Eosinophils and cytokines active on eosinophils, especially IL-5, are believed to be critically involved in chronic allergic diseases. IL-5 activates eosinophils and enhances their survival in vitro by delaying apoptosis. In this study, we found that lidocaine and six analogues blunt responses of eosinophils to IL-5. Lidocaine and its derivatives inhibit IL- 5-mediated eosinophil survival in a concentration-dependent manner (IC50 = 110 μM for 30 pg/ml IL-5). At suboptimal lidocaine concentrations, the eosinophil survival response to IL-5 shifts and more IL-5 is required to maintain survival. The inhibitory effect requires at least 24-h exposure of eosinophils to lidocaine, and the protein kinase C activator, PMA, completely reverses the inhibition. A multiparameter flow-cytometric analysis shows that lidocaine hastens the apoptosis of eosinophils normally delayed by IL-5. Lidocaine does not affect IL-5R expression or IL-5-induced protein tyrosine phosphorylation. Lidocaine also inhibits eosinophil survival mediated by IL- 3 or granulocyte-macrophage CSF, although less potently than that mediated by IL-5. Furthermore, lidocaine inhibits eosinophil superoxide production stimulated by IL-5, granulocyte-macrophage CSF, or IL-3, but not that stimulated by platelet-activating factor, immobilized IgG, or PMA. Lidocaine and its derivatives show novel immunomodulatory properties and are able to blunt eosinophil responses to cytokines in addition to their local anesthetic or antiarrhythmic properties. Thus, lidocaine and its derivatives may represent a new class of therapeutic agents to treat patients with allergic diseases.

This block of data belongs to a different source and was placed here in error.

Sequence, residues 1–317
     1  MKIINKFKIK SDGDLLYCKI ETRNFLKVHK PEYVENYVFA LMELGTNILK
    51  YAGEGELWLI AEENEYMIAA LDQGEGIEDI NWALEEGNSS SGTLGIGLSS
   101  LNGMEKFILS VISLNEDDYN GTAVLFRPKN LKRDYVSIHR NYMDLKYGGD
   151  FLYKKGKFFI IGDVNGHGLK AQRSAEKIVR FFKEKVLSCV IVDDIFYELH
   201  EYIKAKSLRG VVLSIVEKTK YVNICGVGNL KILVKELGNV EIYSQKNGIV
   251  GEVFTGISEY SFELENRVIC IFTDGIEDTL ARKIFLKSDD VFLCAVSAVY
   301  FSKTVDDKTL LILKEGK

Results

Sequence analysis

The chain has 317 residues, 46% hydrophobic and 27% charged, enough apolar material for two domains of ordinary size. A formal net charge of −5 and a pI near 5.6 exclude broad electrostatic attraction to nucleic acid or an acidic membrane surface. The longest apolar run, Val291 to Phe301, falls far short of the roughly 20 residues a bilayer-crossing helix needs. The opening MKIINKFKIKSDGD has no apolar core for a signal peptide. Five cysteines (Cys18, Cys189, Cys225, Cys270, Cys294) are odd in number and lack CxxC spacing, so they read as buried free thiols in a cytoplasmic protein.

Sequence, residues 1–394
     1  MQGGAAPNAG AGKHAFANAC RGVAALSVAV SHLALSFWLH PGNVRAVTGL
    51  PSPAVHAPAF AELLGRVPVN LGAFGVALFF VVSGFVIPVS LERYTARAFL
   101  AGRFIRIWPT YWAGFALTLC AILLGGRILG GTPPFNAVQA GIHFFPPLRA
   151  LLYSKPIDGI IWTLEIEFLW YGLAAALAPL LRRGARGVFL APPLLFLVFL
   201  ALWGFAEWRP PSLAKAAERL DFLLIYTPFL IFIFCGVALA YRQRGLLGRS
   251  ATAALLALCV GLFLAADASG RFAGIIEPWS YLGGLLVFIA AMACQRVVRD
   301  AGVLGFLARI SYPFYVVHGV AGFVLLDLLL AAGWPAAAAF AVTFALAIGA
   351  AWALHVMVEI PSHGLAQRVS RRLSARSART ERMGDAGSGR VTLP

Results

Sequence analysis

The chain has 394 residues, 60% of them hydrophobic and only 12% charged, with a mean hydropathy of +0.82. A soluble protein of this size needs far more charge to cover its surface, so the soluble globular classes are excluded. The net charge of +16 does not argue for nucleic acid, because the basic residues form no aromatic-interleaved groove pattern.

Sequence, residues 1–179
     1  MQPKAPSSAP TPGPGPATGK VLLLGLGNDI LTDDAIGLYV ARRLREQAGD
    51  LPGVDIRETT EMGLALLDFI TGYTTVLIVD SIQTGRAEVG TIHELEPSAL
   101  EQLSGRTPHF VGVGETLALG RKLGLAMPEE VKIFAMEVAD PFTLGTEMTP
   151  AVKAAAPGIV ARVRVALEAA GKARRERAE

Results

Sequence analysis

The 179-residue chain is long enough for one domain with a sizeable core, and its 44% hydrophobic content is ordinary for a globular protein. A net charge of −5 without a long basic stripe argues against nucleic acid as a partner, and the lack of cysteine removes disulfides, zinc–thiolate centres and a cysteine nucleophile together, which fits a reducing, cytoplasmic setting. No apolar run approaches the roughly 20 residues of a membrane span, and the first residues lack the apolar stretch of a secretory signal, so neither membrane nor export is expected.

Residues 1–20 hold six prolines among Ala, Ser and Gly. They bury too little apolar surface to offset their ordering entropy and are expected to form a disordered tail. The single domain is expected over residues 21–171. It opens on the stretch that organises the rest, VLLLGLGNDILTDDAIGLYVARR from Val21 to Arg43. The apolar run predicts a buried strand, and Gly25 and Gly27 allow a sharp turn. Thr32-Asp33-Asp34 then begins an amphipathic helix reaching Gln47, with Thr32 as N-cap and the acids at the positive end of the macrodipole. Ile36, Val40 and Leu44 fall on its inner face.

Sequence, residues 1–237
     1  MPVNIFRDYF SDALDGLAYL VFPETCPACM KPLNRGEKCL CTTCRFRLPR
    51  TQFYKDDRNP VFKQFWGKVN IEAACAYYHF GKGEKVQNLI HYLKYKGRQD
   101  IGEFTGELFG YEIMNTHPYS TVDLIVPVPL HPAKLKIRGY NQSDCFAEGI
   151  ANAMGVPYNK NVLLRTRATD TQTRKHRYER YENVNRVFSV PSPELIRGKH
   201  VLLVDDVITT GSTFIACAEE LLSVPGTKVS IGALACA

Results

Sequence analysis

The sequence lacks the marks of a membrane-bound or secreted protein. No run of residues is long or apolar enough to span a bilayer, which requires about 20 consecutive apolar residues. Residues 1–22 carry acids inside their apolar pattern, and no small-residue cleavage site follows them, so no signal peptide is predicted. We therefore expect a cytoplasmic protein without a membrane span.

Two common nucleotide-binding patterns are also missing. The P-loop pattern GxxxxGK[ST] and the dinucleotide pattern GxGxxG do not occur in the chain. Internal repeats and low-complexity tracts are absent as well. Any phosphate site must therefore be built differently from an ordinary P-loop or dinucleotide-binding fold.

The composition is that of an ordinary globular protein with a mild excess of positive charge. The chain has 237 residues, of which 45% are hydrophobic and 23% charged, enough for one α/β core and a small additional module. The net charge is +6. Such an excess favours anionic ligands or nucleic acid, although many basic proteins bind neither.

|Original language||English (US)|
|Number of pages||8|
|Journal||Journal of Immunology|
|State||Published - Apr 15 1998|
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